|Publishing House to provide support to hurricane victims|
Oct. 11, 2005
|A UMNS photo by Mike DuBose
A waterlogged hymnal lies on the mud-soaked carpet at Coden (Ala.) United Methodist Church following Hurricane Katrina.
NASHVILLE, Tenn. (UMNS)—Some of the most heartbreaking pictures of
destruction confronting United Methodist churches after Hurricanes
Katrina and Rita are water-soaked and ruined Bibles, United Methodist
hymnals and other worship resources.
The board of the United Methodist Publishing House, meeting in Nashville
Oct. 3-5, voted unanimously to spend up to $500,000 to restore those
“We will work hand in hand with the bishops and cabinets of those annual
conferences most affected to plan for efficient and timely help for as
long as it takes,” said Neil M. Alexander, president and publisher. “Our
aim is to support their work of rebuilding vital centers of worship,
Christian formation, evangelism and mission.”
During the annual meeting, the board learned the Publishing House earned
$1 million on the bottom line for the operating budget in the fiscal
year that ended July 31, 2005. This amount will be contributed to clergy
pensions, most of which will be used to support those in the central
conferences — the church’s regions in Africa, Asia and Europe — who have
the greatest need.
Harriett Jane Olson, senior vice president of publishing, reported on recent changes in Disciple Bible Study.
“More than a million people have participated in Disciple,” said Olson,
“but there are still United Methodist congregations that have never had a
Disciple group. In order to make it more accessible and appealing to
those congregations, we have produced new, up-to-date videos for the
first study; we are offering shorter, lower-cost training sessions and
making training available on DVD for those who cannot attend; and we
have made Disciple products available for sale in Cokesbury stores and
Board members heard that the online store, Cokesbury.com, generated
almost $7 million in sales during the fiscal year, exceeding prior-year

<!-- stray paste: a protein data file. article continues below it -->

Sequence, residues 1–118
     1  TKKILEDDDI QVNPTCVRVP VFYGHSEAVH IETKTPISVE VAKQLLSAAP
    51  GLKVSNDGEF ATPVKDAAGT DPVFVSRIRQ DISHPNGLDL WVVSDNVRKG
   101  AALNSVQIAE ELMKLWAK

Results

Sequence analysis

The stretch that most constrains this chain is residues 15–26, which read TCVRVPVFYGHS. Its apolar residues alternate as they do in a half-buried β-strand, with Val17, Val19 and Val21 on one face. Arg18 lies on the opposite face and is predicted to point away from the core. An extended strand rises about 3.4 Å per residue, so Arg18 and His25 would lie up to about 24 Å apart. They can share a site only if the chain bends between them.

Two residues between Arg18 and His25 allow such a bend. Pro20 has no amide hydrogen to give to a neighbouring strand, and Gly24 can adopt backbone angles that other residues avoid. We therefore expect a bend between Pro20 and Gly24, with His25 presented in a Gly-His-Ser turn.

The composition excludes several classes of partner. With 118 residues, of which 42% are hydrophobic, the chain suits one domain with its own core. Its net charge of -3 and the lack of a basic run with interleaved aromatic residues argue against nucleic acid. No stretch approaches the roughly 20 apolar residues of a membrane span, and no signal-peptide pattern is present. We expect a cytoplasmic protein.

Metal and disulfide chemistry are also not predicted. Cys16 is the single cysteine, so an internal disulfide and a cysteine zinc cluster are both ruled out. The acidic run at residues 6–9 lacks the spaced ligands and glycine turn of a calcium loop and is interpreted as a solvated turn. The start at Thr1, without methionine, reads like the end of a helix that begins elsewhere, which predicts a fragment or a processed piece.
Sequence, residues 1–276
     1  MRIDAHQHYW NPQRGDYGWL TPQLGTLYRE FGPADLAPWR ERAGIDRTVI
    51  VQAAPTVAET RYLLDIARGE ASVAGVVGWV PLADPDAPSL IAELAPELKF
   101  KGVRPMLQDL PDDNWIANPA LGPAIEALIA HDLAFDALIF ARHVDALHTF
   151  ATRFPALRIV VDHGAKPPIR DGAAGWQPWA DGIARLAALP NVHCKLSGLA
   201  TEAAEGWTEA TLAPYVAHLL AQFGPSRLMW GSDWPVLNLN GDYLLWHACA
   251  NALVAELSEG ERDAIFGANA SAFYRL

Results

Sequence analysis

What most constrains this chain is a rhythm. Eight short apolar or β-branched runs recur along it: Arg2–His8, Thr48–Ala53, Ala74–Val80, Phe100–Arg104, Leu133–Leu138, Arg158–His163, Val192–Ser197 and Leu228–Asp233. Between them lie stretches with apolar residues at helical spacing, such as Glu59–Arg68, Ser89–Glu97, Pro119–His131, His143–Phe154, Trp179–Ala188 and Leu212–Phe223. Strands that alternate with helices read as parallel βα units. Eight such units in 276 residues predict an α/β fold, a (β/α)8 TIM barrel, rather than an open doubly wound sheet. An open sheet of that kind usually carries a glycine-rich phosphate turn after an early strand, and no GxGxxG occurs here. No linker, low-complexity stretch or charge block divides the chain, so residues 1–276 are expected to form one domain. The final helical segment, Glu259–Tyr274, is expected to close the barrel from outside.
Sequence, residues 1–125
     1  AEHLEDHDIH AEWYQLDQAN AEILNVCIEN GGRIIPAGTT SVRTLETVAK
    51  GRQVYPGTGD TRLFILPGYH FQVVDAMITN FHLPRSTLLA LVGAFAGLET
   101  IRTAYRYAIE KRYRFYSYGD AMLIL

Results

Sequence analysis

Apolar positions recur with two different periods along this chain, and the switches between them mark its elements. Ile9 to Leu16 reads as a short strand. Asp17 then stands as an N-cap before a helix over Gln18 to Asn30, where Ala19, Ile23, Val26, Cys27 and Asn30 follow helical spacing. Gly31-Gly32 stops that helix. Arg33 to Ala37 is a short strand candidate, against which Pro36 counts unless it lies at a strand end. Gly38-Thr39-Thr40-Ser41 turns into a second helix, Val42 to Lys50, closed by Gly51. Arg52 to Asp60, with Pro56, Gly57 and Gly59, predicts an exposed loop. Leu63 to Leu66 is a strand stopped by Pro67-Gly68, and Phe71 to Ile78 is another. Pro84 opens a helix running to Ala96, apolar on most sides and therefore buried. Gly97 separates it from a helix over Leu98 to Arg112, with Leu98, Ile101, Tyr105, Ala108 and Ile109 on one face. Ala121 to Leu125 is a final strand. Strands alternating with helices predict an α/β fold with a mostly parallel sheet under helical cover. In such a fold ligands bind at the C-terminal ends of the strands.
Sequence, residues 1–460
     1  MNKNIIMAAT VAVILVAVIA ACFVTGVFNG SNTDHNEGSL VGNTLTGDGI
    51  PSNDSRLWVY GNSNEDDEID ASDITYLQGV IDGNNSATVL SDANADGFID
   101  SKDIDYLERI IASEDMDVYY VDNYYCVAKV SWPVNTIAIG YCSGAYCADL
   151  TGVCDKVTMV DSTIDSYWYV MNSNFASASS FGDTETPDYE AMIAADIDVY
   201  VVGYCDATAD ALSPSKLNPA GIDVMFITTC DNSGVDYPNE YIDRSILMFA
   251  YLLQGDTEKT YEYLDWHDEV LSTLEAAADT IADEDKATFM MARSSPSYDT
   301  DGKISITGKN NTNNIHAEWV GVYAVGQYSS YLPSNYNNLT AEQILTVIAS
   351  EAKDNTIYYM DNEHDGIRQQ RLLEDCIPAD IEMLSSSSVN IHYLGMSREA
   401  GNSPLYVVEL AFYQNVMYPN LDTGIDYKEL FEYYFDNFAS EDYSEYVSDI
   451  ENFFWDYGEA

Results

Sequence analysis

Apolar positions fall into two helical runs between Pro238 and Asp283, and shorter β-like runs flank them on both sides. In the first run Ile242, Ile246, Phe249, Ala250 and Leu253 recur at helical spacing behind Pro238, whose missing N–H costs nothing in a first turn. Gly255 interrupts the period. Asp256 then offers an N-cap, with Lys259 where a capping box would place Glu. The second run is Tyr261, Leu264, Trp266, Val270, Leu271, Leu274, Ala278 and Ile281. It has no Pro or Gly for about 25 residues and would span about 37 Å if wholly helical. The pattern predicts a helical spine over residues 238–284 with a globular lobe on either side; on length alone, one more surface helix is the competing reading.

sales by 40 percent. They also received a report that sales through
Cokesbury Music Service topped $1 million for the first time, which is
41 percent over budget and 56 percent over prior year; and they learned
that Cokesbury’s vacation Bible school, Circle G Ranch, had a 16 percent
increase in sales over the previous fiscal year.
|A UMNS photo by Kathy Gilbert
Neil Alexander addresses Publishing House board members in this 2004 file photo.
Ed Kowalski, senior vice president of sales, reported that Cokesbury’s
Christian Education Showcase produced a sales gain of 5.8 percent over
the same period a year earlier. “In addition,” Kowalski said, “the
average order value increased by almost 8 percent, and we increased the
total number of buyers of our quarterly curriculum, turning around the
declining trend of recent years.”
Major new resources for children will be available in the fall of 2006. A
new children’s study Bible, using the New Revised Standard Version, is
designed for children ages 8 through 12. The study will include notes in
the text that help children discover who God is and how God wants them
to live, explore the people and places of the Bible, learn how to apply
biblical truths to their lives, and memorize verses for use in their
lives. In addition, Live B.I.G., a new DVD-based curriculum for
children, will be available in fall 2006.
Alexander acknowledged that the Publishing House faces a challenging
church resources marketplace. “But that makes our job merely difficult,”
he said. “Our charge is to extend the unique witness of the United
Methodist Church by shaping a publishing and distribution ministry that
is Wesleyan in character, responsive and leading in spirit, and
financially self-sustaining. By the grace of God, we will fashion ever
more effective ways to help more people in more places come to know God
through Jesus Christ, learn to love God, and choose to serve God and
On Oct. 4, board members worshipped with the Rev. Rudy Rasmus and the
music team from St. John's United Methodist Church Downtown in Houston.
Founded in 1992 with assistance from Windsor Village United Methodist
Church, the church has grown from just nine members to more than 9,000
under the leadership of Rasmus and his wife and copastor, the Rev.
Juanita Rasmus. By 1995, St. John’s had participating members from every
ZIP code in the metropolitan Houston area, as their ministry brought
together people searching for meaning and ways to help those in need.
*Information for this report was provided by Judy Smith, associate to
the president and publisher, United Methodist Publishing House.
News media contact: Kathy L. Gilbert, Nashville, Tenn., (615) 742-5470 or email@example.com.
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